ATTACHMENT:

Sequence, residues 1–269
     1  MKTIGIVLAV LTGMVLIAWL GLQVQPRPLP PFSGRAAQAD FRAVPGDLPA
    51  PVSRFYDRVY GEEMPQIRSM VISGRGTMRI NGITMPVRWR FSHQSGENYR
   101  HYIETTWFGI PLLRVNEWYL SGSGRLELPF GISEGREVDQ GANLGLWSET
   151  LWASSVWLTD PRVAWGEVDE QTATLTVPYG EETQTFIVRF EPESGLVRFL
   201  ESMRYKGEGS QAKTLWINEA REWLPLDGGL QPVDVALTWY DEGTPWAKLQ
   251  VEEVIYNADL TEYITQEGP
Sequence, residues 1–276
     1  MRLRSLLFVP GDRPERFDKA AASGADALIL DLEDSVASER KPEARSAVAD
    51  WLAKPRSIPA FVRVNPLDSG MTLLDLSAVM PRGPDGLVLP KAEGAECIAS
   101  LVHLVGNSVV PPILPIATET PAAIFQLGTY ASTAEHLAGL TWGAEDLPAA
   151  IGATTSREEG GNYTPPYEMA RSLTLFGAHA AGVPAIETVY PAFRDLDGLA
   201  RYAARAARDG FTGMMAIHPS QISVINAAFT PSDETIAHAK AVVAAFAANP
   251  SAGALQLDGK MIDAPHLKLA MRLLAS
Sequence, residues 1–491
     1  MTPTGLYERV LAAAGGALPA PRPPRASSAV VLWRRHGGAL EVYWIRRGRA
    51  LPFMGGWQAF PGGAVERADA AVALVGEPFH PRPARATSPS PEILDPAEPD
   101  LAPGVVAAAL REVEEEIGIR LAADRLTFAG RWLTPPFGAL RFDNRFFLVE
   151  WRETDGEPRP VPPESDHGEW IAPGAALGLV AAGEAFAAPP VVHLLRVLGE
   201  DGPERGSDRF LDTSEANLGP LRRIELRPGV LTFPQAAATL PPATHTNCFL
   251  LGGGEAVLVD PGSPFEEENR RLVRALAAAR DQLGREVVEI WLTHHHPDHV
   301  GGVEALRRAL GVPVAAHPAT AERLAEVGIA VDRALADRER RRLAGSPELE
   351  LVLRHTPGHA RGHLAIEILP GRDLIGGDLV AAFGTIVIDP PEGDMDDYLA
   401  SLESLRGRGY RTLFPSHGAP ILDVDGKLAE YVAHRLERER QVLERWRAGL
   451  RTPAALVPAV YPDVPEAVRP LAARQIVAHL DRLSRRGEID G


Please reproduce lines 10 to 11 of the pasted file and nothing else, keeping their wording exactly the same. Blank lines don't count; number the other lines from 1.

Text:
    51  WLAKPRSIPA FVRVNPLDSG MTLLDLSAVM PRGPDGLVLP KAEGAECIAS
   101  LVHLVGNSVV PPILPIATET PAAIFQLGTY ASTAEHLAGL TWGAEDLPAA